A decision support system called GI TARGET may help integrate precision medicine into routine care for patients with gastrointestinal cancer, according to research published in JCO Precision Oncology.
GI TARGET offers oncologists “expert-led guidance on the interpretation and implementation” of tumor molecular profiling results, according to researchers.
In testing GI TARGET, the researchers found it was both scalable and sustainable. However, most of the oncologists studied did not follow GI TARGET recommendations.
The GI TARGET system involved a multidisciplinary team reviewing tumor molecular profiling results for patients with gastrointestinal cancers. Based on these results, the team recommended treatment or management strategies for these patients.
The team identified appropriate clinical trials using the computational matching platform MatchMiner, suggested targeted therapy options (on- or off-label), or recommended additional testing.
The researchers tested the GI TARGET system using genomic data from 542 patients with gastrointestinal cancers who underwent tumor molecular profiling with OncoPanel or other tests in the first 6 months of 2019.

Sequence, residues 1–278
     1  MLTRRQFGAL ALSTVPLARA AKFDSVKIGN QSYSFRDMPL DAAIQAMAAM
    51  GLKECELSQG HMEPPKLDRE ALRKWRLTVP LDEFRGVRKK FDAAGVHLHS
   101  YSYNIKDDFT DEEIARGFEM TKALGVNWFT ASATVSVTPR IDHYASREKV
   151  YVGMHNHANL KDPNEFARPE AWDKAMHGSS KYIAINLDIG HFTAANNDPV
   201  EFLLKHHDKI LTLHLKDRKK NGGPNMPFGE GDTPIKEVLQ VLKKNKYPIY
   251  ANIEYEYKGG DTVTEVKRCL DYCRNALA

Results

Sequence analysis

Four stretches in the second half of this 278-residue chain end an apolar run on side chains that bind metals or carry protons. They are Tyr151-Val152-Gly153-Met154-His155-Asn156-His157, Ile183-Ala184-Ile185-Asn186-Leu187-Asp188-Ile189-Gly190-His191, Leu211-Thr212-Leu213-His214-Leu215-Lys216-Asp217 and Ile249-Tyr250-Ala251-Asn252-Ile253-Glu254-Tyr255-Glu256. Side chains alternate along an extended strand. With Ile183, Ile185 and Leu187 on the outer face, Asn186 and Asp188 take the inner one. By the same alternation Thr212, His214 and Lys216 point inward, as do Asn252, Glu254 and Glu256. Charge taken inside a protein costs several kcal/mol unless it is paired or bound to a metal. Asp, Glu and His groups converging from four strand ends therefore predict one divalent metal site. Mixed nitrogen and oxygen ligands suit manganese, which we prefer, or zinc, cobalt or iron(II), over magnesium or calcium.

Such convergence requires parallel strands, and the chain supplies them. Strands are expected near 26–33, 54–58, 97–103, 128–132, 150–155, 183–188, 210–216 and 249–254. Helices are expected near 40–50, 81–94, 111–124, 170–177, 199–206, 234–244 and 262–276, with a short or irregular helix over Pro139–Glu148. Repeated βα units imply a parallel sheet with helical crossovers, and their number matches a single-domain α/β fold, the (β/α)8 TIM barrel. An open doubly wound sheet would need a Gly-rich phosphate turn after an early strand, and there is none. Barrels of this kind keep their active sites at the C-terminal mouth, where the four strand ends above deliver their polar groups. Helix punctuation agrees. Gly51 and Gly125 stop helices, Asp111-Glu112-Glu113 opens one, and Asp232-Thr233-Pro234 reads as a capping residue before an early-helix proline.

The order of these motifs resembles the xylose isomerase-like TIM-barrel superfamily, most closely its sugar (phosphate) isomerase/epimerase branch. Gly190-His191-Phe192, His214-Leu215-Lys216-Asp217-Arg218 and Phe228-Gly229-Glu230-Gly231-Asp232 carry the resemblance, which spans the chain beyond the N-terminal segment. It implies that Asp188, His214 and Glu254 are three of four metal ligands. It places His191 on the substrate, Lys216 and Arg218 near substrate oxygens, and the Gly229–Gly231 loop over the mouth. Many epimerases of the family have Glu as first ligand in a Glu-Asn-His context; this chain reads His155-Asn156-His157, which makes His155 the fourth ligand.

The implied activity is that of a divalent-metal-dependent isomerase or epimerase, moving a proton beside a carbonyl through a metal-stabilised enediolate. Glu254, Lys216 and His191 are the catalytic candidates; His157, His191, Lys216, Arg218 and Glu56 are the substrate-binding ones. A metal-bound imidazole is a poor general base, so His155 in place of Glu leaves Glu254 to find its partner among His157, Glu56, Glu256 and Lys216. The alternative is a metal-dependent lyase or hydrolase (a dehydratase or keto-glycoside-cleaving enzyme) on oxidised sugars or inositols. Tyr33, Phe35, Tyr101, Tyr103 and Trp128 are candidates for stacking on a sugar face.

The team provided summary reports of recommendations for 93% of patients (n=506). The patients had colorectal cancer (39%), pancreatic cancer (24%), esophagogastric cancer (13%), biliary tract cancer (8%), gastrointestinal neuroendocrine tumors (8%), and cancers of unknown primary (5%).
The reports were given to the 19 medical oncologists treating these patients. The reports recommended 1 or more precision medicine clinical trials for 80% of patients, and this led to 24 patients enrolling on trials.
The reports also recommended on-label targeted therapies for 6% of patients and off-label targeted therapies for 25%. Recommendations for additional or orthogonal molecular testing were made for 42% of patients.
Clinical data from the patients’ electronic health records were collected from June to November 2020 to assess the primary oncologists’ action on the basis of these recommendations.
The primary oncologists followed the recommendations for 16% of patients who had follow-up data. The researchers acknowledged that this result was modest, but they noted that “this number should be interpreted in the context of short follow-up and universal review of cases since the trigger for GI TARGET review is the release of OncoPanel results as opposed to a change in clinical status or provider request.”
“Our program adds value to OncoPanel and other tumor profiling through computationally driven clinical trial matching, multidisciplinary review of tumor genomics, and prioritization of therapeutic options,” the researchers concluded.
Disclosures: Some study authors declared affiliations with biotech, pharmaceutical, and/or device companies. Please see the original reference for a full list of disclosures.
Keller RB, Mazor T, Sholl L, et al. Programmatic precision oncology decision support for patients with gastrointestinal cancer.JCO Precis Oncol. Published online January 12, 2023. doi:10.1200/PO.22.00342